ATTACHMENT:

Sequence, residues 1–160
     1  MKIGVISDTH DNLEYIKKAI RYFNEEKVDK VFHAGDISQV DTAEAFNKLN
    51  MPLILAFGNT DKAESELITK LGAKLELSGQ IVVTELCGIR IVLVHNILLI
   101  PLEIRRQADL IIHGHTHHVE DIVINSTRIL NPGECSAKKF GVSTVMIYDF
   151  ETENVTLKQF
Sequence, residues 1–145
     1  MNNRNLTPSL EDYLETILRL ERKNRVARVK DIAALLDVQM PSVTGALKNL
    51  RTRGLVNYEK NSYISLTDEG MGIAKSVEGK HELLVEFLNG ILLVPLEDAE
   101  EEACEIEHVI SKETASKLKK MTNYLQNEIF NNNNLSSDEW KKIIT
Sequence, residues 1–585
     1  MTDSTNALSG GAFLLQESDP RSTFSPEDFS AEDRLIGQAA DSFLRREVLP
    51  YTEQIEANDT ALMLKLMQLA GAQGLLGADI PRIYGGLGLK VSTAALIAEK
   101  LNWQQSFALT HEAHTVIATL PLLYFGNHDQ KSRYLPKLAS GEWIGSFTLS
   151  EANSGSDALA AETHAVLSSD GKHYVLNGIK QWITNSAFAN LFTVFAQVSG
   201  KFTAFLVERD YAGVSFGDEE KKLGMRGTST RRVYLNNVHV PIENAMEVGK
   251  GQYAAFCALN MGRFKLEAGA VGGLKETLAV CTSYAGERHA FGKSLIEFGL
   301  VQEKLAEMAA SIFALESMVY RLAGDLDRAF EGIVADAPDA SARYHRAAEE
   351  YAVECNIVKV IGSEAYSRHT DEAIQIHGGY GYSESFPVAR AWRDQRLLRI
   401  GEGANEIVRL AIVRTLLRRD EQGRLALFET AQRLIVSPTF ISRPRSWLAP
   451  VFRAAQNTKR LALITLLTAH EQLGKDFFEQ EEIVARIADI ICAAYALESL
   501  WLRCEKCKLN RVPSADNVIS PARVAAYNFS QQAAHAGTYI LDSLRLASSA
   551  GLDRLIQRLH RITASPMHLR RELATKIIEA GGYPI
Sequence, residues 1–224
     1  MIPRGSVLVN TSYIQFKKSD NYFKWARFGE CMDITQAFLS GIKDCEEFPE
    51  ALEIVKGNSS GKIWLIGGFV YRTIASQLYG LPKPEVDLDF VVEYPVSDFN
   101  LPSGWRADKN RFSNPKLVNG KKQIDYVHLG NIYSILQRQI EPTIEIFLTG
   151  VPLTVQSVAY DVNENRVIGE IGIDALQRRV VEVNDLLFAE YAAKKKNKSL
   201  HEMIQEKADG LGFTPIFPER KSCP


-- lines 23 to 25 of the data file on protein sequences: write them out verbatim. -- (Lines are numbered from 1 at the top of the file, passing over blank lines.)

Sequence, residues 1–224
     1  MIPRGSVLVN TSYIQFKKSD NYFKWARFGE CMDITQAFLS GIKDCEEFPE
    51  ALEIVKGNSS GKIWLIGGFV YRTIASQLYG LPKPEVDLDF VVEYPVSDFN